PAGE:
When was the last time you went a week without receiving an unsolicited credit card application? I can’t remember, either. The marketing pitch often includes awards programs for points that can be tough to redeem, or interest rates that spike after that attractive initial introductory period. Not fun.
Here atEngineered Systems, we are striving to do better. What we offer is the return of the ES Engineering Awards. It does not involve an alluringly low interest rate; on the contrary, it offers a high rate of interest from your fellow engineers.
What we’re after is your best work. Of course, there are many possible definitions of “best work.” Maybe it was a new project, maybe it was a retrofit. Perhaps the payoff of increased efficiency was tremendous, the performance of the project team was inspirational, or the design solution sublime. We like all these definitions of “best” and then some.
By now, at least one project has probably come to mind. What to do? The entry form is available online for your convenience, and it lets you submit as much (or as little) info as you want. Details are good, since we do have to make some decisions, after all, but the point is that there’s no filling out stuff in triplicate or a bunch of questions that aren’t relevant. You tell us your story, and we’ll share the cream of the crop with readers in our October issue.
You can submit your project atwww.esmagazine.com/awards. Deadline is Friday, August 15, so you have something to work on when all your colleagues are on vacation some week this summer and the rest of you are trying to keep busy so as not to be bitter that you’re stuck at work.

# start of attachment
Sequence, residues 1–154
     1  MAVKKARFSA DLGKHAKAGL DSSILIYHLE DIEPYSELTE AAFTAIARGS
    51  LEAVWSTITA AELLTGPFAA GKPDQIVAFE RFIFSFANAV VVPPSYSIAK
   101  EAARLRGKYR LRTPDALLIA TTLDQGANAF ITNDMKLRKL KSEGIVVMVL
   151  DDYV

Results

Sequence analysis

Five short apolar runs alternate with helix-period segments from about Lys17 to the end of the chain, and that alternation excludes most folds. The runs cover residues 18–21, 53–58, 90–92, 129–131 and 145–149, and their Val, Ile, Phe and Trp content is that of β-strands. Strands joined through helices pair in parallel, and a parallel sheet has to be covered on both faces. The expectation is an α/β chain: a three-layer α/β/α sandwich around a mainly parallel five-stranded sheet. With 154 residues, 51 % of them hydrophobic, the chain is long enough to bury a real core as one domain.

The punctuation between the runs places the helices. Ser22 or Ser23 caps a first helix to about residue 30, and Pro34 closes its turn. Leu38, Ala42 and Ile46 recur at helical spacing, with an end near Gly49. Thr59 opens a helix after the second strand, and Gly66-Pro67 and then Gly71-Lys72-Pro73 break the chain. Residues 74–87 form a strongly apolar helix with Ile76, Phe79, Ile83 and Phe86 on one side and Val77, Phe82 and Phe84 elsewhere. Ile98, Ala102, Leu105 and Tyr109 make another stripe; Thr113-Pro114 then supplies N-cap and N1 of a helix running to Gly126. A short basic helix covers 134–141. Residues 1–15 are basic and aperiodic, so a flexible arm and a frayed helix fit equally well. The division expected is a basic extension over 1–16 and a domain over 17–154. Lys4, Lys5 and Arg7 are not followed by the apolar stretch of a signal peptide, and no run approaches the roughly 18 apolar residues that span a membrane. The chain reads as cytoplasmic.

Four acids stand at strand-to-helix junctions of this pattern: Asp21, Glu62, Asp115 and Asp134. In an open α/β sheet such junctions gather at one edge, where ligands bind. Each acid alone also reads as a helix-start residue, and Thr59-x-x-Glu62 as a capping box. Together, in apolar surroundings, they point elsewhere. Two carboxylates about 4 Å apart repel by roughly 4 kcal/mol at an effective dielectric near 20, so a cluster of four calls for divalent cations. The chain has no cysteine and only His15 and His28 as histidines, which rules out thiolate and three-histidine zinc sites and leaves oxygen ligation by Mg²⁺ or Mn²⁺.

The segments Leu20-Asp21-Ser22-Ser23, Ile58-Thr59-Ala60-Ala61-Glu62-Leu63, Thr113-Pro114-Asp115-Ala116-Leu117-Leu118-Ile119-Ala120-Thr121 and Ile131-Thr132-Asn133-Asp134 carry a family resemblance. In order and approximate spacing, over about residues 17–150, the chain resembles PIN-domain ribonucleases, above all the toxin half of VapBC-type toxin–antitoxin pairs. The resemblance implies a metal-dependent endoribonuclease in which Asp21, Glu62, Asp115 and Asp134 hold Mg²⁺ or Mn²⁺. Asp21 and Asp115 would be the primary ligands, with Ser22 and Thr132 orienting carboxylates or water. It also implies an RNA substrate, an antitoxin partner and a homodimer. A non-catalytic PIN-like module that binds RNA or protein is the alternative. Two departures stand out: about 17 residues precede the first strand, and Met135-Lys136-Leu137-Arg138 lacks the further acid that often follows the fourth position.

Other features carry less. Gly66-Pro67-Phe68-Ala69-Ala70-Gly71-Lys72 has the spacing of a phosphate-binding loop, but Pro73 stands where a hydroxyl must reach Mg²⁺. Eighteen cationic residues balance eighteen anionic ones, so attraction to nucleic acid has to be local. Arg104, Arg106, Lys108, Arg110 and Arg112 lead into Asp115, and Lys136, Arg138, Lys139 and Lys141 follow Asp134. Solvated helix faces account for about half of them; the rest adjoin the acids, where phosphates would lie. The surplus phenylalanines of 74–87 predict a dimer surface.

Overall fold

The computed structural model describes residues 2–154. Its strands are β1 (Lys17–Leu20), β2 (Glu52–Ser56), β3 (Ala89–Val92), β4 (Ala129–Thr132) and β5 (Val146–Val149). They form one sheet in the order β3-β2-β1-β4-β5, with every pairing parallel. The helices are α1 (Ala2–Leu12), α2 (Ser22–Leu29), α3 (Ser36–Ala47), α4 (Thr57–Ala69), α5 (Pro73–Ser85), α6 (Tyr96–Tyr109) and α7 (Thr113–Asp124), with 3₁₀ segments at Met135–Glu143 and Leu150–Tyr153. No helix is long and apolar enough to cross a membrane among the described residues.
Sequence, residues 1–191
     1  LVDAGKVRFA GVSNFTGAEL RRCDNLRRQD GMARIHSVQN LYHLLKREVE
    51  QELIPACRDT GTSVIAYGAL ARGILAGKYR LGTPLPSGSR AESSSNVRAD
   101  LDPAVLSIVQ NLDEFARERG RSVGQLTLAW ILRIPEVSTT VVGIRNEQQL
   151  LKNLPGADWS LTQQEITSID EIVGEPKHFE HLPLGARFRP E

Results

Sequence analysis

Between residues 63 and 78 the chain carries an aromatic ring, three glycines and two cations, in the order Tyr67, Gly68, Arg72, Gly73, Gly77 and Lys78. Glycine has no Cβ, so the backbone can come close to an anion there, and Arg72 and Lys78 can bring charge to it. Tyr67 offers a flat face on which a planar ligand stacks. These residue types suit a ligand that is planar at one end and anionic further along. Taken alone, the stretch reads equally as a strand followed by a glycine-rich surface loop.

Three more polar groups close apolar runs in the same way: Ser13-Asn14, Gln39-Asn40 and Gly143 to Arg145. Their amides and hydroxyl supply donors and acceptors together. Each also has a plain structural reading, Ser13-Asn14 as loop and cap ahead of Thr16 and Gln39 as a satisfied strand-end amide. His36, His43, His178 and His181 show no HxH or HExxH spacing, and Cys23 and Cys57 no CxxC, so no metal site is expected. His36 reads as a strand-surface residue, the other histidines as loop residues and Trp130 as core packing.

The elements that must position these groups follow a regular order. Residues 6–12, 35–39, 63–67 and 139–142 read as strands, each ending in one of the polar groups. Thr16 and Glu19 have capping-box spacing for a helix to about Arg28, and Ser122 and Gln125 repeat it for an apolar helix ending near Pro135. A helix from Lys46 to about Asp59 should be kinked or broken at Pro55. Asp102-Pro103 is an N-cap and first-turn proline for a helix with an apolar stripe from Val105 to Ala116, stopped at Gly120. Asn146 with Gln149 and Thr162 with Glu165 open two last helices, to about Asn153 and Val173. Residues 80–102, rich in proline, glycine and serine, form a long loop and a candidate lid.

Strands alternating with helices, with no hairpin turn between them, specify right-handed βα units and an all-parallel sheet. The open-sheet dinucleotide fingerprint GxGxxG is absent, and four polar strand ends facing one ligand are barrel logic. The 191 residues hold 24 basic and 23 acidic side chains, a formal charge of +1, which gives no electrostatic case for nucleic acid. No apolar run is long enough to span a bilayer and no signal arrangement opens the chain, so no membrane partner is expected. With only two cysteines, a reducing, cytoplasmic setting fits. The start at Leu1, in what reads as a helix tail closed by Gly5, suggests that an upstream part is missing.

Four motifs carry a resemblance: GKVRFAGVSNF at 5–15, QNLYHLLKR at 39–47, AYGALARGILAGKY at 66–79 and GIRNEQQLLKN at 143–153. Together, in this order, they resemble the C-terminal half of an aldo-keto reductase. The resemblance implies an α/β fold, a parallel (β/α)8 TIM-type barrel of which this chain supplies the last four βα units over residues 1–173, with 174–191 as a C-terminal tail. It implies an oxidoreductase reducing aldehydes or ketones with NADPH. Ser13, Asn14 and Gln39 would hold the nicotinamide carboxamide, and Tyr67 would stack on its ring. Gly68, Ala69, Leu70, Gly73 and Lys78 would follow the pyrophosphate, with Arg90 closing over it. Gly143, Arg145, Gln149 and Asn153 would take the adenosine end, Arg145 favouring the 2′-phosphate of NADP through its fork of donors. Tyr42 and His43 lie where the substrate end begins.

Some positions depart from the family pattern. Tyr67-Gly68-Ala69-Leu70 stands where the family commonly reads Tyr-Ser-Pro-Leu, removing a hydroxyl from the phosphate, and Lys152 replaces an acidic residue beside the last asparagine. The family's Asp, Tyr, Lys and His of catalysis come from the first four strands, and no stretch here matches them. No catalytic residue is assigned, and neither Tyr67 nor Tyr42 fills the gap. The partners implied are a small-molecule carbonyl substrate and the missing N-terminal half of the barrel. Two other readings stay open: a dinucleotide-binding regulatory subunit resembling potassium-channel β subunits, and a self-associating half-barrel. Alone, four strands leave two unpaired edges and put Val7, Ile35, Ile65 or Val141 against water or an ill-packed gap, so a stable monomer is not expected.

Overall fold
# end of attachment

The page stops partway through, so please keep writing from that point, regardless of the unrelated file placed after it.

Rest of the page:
This way, you can have something to show for yourself when they get back: accolades and free publicity for your organization. Everyone likes positive national press – owners like it, clients like it, bosses really like it, and marketing directors LOVE it. But don’t do it for them, or for the award and free “Back2Basics” CD-ROM library the winner receives. Do it for you. You were part of a great project; now share it so the rest of us might learn something from your success.
Niagara RisesThe editorial travel itinerary this time around included the semi-annual Niagara Summit, hosted in Florida by the folks at Tridium. I have to say, the raw numbers were impressive: over 600 attendees and another 50 sponsors. Like our own event, the cool part is the enthusiasm and energy generated when you put an interested crowd together with good presenters and the ability to talk to each other for a while.
Aside from mentioning a successful demo of their upcoming Sedona framework (designed for embedded smart devices), I’ll let you get the product details elsewhere. Jim Young of RealComm might’ve had the line of the event, discussing the increasing lag between what we consider cutting-edge in the U.S. and what is taking place overseas. As he was told by one of his hosts after observing another innovative wireless application, “In the United States, you might be a visionary. In Singapore, you’re a history teacher.”
Ouch. I’ll post more about that presentation and others (topics ranging from peak oil to hospital beds as information hubs) on the ES blog atwww.esmagazine.com/blog. so drop by and check it out.
Advisory AdditionFinally, I want to extend a big welcome to Vincent A. Sakraida, P.E., LEED® AP, the newest member of our editorial advisory board. You might recognize his name from bylines of past feature articles dealing with various mission critical topics. Vince is group manager and senior project manager at Jacobs Carter Burgess.
He has also recently joined the ranks of ASHRAE’s Distinguished Lecturers. Between an ability to convey complex information and over 26 years of engineering design and commissioning, Sakraida brings a lot to the table. We look forward to his input on shaping our coverage as well as to his occasional contributions in future issues.ES